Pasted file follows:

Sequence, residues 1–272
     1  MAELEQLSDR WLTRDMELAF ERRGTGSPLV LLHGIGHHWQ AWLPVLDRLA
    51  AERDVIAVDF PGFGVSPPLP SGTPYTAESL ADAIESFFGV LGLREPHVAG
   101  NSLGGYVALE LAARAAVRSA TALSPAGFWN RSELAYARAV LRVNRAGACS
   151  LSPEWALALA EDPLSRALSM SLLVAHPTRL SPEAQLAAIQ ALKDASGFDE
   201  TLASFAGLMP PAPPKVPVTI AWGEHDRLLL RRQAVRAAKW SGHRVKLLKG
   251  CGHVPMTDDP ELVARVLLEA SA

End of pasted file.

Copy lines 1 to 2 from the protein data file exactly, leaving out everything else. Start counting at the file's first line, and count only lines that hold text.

Sequence, residues 1–272
     1  MAELEQLSDR WLTRDMELAF ERRGTGSPLV LLHGIGHHWQ AWLPVLDRLA